BACKGROUND:Persons dually diagnosed with opioid and cocaine dependence (OD + CD) present a clinical challenge and are at risk of morbidity and mortality. The time of escalation of heroin and cocaine exposure in persons with OD + CD remain understudied, and the influence of gender and other variables have not been examined. This observational study focused on the time of escalation of heroin and cocaine in volunteers with OD + CD, examining gender and exposure to other drugs (e.g., cannabis or alcohol) as predictors. Ages of first use and of onset of heaviest use of each drug were collected (in whole years). Time of escalation was defined as the interval between age of first use and onset of heaviest use. VOLUNTEERS:sequentially ascertained adult volunteers recruited from the New York Metropolitan area, of which n = 297 were diagnosed with OD + CD. METHODS:Instruments administered were the SCID-I diagnostic interview (DSM-IV criteria), BIS-11 impulsiveness scale, and KMSK scales, dimensional measures of maximal exposure to specific drugs. RESULTS:In volunteers with OD + CD, ages of onset of heaviest use of cannabis (median age = 15) and alcohol (median age = 19) were in adolescence or emerging adulthood and preceded those for heroin and cocaine (median ages = 26 and 25, respectively). Maximal levels of cannabis and alcohol exposure were high, in volunteers with OD + CD. In adjusted Cox regressions, gender was not a significant predictor of time of heroin or cocaine escalation. However, more rapid time of alcohol escalation was a predictor of more rapid time of escalation of both heroin and cocaine, in volunteers with OD + CD.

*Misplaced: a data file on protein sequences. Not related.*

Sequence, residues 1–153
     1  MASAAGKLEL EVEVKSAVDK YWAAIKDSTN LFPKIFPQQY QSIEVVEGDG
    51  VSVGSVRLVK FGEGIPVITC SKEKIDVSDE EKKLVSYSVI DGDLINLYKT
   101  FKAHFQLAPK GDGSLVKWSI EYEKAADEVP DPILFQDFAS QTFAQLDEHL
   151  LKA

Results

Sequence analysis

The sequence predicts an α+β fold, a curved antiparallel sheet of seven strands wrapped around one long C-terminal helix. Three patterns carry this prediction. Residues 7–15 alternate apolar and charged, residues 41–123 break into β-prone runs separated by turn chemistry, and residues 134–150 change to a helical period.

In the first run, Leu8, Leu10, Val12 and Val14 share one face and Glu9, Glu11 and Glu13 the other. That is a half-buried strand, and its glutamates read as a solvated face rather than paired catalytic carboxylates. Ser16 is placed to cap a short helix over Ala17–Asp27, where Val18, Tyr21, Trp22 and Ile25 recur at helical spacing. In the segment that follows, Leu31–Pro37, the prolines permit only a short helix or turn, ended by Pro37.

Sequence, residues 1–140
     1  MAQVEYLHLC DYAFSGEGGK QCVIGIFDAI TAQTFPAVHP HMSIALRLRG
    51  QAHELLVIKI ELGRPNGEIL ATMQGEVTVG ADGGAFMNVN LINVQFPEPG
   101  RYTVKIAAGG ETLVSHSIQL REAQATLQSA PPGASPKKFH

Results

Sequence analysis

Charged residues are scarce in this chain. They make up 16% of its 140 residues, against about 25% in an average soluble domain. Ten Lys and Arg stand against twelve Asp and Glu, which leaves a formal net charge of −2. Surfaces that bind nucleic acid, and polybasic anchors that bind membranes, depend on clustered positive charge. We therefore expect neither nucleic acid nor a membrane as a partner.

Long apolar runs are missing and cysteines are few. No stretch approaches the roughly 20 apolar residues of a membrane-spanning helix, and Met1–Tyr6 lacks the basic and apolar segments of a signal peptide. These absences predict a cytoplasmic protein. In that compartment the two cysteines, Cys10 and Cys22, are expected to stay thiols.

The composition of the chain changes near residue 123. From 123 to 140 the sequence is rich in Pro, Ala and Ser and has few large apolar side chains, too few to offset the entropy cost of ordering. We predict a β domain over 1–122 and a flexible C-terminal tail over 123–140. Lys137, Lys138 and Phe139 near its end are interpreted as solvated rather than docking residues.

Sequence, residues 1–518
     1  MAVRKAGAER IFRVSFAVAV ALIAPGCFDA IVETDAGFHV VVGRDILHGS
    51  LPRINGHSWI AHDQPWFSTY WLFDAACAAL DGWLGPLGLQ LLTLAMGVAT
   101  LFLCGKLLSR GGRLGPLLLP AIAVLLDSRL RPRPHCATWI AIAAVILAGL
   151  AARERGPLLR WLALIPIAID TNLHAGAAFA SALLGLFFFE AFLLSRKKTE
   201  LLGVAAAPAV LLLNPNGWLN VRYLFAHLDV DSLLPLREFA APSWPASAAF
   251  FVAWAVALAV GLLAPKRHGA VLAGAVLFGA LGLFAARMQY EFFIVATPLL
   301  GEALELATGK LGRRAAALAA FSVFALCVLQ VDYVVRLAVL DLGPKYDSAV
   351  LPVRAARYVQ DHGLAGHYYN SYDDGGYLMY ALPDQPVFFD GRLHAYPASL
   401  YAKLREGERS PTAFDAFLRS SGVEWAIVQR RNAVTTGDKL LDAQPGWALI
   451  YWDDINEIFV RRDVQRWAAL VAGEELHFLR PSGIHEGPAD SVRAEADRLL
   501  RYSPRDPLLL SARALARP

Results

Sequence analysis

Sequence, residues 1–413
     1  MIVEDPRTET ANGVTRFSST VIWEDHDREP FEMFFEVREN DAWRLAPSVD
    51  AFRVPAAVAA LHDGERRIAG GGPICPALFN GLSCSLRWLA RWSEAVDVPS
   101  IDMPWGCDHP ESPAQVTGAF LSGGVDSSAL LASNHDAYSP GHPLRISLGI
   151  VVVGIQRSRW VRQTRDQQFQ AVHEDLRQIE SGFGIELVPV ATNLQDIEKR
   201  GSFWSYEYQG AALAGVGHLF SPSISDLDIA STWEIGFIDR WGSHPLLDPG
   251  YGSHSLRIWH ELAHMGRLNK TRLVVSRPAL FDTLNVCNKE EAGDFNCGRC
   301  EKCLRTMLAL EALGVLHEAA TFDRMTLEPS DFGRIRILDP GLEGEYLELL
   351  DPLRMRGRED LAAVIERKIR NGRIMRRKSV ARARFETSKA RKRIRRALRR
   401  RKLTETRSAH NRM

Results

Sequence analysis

Drug Alcohol Depend (Drug and alcohol dependence)
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